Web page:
An object of hungry desire

Weston Biscuits shelf

This gorgeous metal biscuit shelf is among the fine selection of food-themed antiques for sale (along with amazing baked goods) at Madoc‘s Hidden Goldmine Bakery. How I covet it to help store our collection of vintage cookbooks!

There is something for sale in beautiful downtown Madoc that I would just love to have. Its price, however, is a little north of $300, and while I am quite sure the amount is fair, it’s a little rich for my blood right at the moment. Because it is located in the wonderful Hidden Goldmine Bakery – source of the best butter tarts you will ever eat, as well as possibly the best cookie, the splendid Cinnamon Sparkle – I get to see and ogle this object frequently – because you can’t make a trip to “town” without stopping by the Hidden Goldmine.

This object is, as you can see from my photo, a vintage metal store shelf for holding packages of Weston biscuits. Now, Weston being a fine old Canadian company and all, the name is a big lure for me. I’m also very interested in the fact that this particular shelf may have come from Raymond’s home state, Massachusetts, because in the small print at the bottom it tells us that the biscuits it was helping to market to consumers had been made in a factory in Watertown, Mass.

(Now, before we go one bit further I need to point out that Watertown, Mass, is not the same thing as Watertown, N.Y., home of WWNY-TV, channel 7 CBS on the old black-and-white TV that was at the Manse when I was a kid growing up here. In the period, I might add, that I think constituted the golden years of television [as I wrote about at length here]. Those golden years included a corny made-in-Watertown kids’ show featuring the late Danny Burgess. Anybody here remember Danny Burgess? I’m sure at least a few of you do.)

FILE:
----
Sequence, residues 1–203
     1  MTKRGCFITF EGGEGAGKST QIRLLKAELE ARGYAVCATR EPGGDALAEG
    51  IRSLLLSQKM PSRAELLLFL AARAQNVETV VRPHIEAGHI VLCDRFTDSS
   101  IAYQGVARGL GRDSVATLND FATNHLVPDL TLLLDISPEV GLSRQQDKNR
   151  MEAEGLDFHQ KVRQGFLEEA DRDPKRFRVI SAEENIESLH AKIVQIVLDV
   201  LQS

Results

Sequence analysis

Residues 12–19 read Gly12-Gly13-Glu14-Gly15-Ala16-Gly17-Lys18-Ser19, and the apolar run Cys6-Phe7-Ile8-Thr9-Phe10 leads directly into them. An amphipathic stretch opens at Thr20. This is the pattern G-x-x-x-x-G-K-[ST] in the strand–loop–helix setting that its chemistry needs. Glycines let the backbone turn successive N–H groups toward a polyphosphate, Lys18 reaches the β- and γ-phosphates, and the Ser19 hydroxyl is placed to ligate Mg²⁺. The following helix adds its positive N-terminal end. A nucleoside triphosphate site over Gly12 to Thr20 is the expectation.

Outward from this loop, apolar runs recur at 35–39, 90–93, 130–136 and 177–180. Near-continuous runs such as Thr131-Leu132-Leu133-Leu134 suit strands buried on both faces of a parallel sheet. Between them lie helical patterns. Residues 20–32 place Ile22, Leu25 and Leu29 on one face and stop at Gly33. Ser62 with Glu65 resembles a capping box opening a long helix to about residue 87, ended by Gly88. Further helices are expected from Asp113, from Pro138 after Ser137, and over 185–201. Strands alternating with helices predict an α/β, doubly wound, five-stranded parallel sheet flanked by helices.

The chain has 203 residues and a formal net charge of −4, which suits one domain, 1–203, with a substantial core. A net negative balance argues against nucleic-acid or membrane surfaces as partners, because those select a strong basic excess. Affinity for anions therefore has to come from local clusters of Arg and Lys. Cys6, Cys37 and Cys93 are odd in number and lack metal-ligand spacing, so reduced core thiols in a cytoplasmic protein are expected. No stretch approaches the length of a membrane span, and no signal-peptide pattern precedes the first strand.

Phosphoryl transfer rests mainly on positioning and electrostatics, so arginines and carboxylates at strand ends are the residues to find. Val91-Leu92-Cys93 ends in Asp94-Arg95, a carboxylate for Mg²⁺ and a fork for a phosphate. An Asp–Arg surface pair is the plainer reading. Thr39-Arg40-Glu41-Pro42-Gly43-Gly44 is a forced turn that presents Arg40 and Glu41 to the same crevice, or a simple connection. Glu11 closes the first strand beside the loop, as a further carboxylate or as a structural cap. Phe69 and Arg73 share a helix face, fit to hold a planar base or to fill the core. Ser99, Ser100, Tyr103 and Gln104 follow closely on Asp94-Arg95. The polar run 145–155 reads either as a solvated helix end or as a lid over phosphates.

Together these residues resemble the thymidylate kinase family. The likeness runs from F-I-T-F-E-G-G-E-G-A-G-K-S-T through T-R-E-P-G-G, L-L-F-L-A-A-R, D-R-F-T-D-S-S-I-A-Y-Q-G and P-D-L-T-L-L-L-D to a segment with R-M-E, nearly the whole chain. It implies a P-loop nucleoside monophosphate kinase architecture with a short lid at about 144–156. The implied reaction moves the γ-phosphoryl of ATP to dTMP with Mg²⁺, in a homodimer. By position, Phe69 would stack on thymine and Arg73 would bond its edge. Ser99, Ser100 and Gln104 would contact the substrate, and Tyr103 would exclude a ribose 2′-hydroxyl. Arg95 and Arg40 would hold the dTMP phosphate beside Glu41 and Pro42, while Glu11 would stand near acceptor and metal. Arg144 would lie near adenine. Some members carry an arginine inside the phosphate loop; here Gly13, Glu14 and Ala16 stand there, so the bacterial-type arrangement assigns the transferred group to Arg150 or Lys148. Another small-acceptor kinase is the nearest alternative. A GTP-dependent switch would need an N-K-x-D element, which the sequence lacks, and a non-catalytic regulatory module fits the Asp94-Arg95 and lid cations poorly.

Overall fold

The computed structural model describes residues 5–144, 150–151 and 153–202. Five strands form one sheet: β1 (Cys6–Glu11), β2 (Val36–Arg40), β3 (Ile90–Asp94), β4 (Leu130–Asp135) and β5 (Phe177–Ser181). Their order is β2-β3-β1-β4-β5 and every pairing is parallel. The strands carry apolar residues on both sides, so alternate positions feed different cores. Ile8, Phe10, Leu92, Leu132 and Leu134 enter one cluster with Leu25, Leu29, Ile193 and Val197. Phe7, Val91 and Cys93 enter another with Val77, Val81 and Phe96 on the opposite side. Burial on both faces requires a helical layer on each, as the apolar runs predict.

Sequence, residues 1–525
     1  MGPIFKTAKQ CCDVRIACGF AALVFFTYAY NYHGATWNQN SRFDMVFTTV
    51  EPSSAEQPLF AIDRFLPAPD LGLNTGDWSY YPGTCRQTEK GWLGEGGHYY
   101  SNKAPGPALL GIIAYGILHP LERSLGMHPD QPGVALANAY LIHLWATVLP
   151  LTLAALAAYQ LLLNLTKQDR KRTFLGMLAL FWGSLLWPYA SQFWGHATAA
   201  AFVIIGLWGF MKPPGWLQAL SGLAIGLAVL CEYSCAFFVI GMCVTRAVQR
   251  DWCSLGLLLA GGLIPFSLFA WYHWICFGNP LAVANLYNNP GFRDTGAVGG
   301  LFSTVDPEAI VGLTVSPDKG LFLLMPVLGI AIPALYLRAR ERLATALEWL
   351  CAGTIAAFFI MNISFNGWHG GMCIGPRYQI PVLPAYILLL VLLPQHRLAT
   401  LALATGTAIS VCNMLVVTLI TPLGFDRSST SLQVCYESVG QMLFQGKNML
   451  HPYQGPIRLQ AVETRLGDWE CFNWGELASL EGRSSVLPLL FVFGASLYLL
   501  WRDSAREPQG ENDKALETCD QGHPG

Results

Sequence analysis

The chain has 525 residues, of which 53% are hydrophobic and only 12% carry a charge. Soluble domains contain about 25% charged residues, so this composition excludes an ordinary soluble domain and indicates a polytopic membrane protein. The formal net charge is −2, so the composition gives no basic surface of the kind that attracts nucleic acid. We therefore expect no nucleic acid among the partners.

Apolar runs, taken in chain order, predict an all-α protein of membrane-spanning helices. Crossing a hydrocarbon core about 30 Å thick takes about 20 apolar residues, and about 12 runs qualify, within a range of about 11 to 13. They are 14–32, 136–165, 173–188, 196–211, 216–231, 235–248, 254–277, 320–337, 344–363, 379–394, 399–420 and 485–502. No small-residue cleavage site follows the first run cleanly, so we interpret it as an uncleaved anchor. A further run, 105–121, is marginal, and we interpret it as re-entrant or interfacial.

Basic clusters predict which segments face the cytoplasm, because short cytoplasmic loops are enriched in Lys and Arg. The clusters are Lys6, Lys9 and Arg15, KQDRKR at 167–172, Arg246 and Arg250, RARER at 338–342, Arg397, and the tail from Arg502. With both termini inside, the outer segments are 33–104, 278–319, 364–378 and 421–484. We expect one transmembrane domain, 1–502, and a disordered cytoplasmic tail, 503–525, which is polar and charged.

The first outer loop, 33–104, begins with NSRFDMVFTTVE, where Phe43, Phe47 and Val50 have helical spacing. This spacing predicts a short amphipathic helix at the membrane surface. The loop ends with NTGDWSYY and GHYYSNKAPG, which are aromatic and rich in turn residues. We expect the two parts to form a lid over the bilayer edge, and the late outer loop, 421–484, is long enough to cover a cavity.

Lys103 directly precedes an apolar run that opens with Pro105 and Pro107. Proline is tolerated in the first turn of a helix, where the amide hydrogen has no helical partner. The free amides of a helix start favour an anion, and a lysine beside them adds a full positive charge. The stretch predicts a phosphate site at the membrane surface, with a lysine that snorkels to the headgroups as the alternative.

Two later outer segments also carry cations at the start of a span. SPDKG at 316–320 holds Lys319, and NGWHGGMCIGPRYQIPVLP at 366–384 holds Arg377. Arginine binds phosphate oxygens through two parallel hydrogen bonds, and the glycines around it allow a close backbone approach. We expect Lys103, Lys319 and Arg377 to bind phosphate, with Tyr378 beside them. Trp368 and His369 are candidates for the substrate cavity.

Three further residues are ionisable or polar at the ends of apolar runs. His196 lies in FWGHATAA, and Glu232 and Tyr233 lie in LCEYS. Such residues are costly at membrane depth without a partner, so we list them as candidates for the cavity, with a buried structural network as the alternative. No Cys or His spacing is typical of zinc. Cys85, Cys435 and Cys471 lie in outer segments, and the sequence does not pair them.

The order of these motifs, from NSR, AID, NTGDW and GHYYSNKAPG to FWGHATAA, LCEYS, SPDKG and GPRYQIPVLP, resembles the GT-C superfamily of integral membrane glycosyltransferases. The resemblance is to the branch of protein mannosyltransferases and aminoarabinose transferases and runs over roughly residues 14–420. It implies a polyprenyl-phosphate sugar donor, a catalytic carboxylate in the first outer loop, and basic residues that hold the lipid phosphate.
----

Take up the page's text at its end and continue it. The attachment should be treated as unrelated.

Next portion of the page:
Anyway, I am surprised to know that the George Weston company, Canadian through and through, had a factory in New England, and so far I haven’t found anything about that on my friend the internet. But really it’s no matter. What does matter is how much I would like to have that biscuit stand!

Why? Because I think it would be the perfect funky place to display some of our large (and growing) collection of vintage cookbooks. The ones I find at yard sales and flea markets and library sales, that promise midcentury hostessing perfection, not to mention a limitless supply of casserole recipes. I love those cookbooks! (As I’ve written before, notably here and here.)

To show you how much I love them, here are some photos featuring some of the titles. Perhaps the pictures will bring back some culinary memories for you too:

Vintage Betty Crocker cookbooks

Thanks to Betty Crocker, I have instructions on being the perfect hostess and making the perfect dinner for two. Like: Liver and Bacon Patties, with Glazed Sweet Potatoes, Broiled Tomato Halves, Fruit Compote and Ginger Creams. Wow!

Serve At Once/Dinners That Wait

I deliberately put side by side the two cookbooks Serve At Once (subtitle: The Soufflé Cookbook) and Dinners That Wait, a classic featuring recipes that finish themselves off on the stovetop or in the oven while the hostess sits down with her guests for “a leisurely cocktail.”

Vintage cookbooks

More vintage classics (and not-so-classics).